With reference now to FIG. 3, a block diagram illustrating an example representation of one configuration of a multi-stage byte lane selectable bus that can deliver signals as selected by the sourcing units to a target destination is depicted according to the present invention.
System 300 comprises core sourcing units 302, core sourcing unit mux source enable 320, first level muxes 304, first level mux enable 305, second level muxes 306, second level mux enable 307, third level muxes 308, third level mux enable 309, memory subsystem sourcing unit 310, memory subsystem sourcing ,unit mux enable 311, fourth level muxes 312, fourth level mux enable 313, mux output destination 314, multiple stages of a core byte lane 30 selectable bus 322-326, and memory subsystem bus 332. Core sourcing units 302 select signals as determined by core sourcing unit mux enable 320. Selected signals may be transferred to first level muxes 304 from the sourcing units 302 on first stage core byte lane selectable bus 322. First stage core byte lane selectable bus 322 may be implemented as a single bus or as separate buses between core sourcing units 302 and first level muxes 304.
First level muxes 304 select signals as determined by first level mux enable 305. Selected signals may be transferred to second level muxes 306 from first level muxes 304 on second stage core byte lane selectable bus 323. Second stage core byte lane selectable bus 323 may be implemented as a single bus or as separate buses between first level muxes 304 and second level muxes 306.
Second level muxes 306 select signals as determined by second level mux enable 307. Selected signals may be transferred to third level muxes 308 from second level muxes 306 on third stage core byte lane selectable bus 324. Third stage core byte lane selectable bus 324 may be implemented as a single bus or as separate buses between second level muxes 306 and third level muxes 308.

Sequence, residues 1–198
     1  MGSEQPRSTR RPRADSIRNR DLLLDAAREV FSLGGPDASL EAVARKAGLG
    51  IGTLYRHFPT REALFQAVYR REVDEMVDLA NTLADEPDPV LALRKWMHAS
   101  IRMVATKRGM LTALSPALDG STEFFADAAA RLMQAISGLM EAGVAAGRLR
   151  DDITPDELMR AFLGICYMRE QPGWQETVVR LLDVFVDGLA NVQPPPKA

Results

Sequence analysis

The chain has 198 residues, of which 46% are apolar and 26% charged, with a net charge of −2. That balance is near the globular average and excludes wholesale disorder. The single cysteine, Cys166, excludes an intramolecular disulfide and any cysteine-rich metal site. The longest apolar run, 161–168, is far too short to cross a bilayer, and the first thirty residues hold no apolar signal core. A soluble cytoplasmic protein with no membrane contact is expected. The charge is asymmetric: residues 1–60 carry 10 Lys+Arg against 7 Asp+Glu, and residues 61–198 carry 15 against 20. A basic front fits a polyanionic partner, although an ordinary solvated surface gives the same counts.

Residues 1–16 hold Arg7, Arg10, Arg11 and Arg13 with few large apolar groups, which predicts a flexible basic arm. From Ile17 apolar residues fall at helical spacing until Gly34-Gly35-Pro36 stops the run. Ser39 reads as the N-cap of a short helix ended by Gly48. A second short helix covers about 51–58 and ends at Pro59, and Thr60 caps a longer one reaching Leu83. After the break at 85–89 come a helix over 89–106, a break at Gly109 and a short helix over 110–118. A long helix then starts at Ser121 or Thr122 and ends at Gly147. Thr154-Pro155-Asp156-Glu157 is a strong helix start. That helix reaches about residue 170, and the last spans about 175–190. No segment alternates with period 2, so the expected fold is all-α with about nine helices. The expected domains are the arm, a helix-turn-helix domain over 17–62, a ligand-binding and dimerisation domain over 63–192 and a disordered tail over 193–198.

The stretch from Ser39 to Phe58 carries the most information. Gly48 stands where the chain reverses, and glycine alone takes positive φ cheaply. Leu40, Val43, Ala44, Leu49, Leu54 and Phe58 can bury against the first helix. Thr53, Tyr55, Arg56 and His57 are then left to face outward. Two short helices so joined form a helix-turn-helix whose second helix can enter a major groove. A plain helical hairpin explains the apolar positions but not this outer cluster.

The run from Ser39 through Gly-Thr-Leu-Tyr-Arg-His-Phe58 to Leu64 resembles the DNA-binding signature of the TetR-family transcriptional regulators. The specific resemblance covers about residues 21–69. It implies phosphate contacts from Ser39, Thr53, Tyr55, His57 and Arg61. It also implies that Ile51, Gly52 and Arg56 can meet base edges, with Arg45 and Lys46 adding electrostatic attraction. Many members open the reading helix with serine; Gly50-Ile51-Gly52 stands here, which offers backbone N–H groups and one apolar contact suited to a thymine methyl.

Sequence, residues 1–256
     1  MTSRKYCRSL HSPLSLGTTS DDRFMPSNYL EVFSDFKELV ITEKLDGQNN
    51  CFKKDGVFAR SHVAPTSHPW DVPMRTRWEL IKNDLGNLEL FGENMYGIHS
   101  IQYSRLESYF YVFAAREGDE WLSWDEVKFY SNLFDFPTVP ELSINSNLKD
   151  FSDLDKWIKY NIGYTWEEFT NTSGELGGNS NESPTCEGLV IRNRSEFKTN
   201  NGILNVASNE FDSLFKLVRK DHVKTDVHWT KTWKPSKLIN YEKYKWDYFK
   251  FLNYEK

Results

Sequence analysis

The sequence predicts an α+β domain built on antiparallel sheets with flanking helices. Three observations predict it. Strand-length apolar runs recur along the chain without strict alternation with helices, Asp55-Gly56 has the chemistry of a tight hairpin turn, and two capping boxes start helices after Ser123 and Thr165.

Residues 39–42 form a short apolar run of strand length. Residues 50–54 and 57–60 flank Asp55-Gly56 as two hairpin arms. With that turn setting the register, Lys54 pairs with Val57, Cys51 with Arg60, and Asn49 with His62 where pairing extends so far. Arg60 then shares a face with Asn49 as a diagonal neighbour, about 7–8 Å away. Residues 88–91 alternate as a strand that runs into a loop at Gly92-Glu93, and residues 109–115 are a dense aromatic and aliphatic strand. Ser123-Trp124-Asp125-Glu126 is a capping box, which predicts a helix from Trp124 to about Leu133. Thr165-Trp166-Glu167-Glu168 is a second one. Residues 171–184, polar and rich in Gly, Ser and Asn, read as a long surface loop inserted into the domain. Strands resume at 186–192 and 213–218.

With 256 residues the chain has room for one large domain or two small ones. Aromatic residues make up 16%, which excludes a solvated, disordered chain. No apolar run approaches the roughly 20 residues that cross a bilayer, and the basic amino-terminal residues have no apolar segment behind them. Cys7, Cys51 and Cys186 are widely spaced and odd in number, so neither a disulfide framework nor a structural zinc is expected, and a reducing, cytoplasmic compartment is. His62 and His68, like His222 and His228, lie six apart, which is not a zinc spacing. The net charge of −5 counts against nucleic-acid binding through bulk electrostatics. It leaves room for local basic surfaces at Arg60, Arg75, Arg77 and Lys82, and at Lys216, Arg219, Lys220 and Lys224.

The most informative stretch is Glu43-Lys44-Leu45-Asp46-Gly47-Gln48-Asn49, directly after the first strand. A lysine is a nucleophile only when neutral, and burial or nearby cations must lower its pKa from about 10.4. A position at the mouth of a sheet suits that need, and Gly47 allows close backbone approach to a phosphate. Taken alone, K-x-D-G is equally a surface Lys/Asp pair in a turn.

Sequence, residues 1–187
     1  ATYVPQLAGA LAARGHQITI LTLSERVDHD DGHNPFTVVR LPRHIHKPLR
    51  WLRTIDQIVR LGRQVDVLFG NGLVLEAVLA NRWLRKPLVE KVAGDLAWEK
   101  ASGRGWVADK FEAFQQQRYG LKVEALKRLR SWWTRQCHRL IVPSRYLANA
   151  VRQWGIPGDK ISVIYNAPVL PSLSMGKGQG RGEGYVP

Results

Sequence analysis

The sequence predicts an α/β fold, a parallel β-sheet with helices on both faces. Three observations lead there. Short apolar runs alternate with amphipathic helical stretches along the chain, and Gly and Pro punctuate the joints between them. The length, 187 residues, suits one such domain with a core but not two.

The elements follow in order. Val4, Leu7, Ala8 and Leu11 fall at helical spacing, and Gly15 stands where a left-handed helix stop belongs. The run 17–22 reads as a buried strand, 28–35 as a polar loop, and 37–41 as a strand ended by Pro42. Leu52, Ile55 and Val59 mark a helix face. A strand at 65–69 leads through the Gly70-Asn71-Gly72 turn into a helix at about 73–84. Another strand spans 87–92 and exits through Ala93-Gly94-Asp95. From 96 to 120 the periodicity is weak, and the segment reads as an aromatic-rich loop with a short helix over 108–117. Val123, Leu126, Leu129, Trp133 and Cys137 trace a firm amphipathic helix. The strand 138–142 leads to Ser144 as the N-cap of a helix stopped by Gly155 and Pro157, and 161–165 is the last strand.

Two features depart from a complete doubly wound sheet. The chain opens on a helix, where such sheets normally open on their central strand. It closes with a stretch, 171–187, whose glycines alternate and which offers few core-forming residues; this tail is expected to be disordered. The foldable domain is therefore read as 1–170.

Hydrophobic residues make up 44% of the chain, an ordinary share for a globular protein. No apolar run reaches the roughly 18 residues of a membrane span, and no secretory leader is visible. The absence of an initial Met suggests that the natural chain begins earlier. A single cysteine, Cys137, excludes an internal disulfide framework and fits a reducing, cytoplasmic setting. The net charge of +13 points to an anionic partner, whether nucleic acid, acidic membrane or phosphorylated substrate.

Third level muxes 308 select signals as determined by third level mux enable 309. Selected signals may be transferred to fourth level muxes 312 from third level muxes 308 on fourth stage core byte lane selectable bus 325. Fourth stage core byte lane selectable bus 325 may be implemented as a single bus or as separate buses between third level muxes 308 and fourth level muxes 312.
Memory subsystem sourcing units 310 select signals as determined by memory subsystem sourcing unit enable 311. Selected signals may be transferred to fourth level muxes 312 from memory subsystem sourcing units 310 on memory subsystem bus 332. Memory subsystem bus 332 may be implemented as a single bus or as separate buses between memory subsystem sourcing units 310 and fourth level muxes 312.
Fourth level muxes 312 select signals as determined by fourth level mux enable 313. Selected signals may be transferred to mux output destination 314 from fourth level muxes 312 on fifth stage core byte lane selectable bus 326. Fifth stage core byte lane selectable bus 326 may be implemented as a single bus or as separate buses between fourth level muxes 312 and mux output destination 314.
With reference now to FIG. 4, a block diagram illustrating an example of a multi-stage byte lane selectable bus and a performance monitor unit is depicted according to the present invention.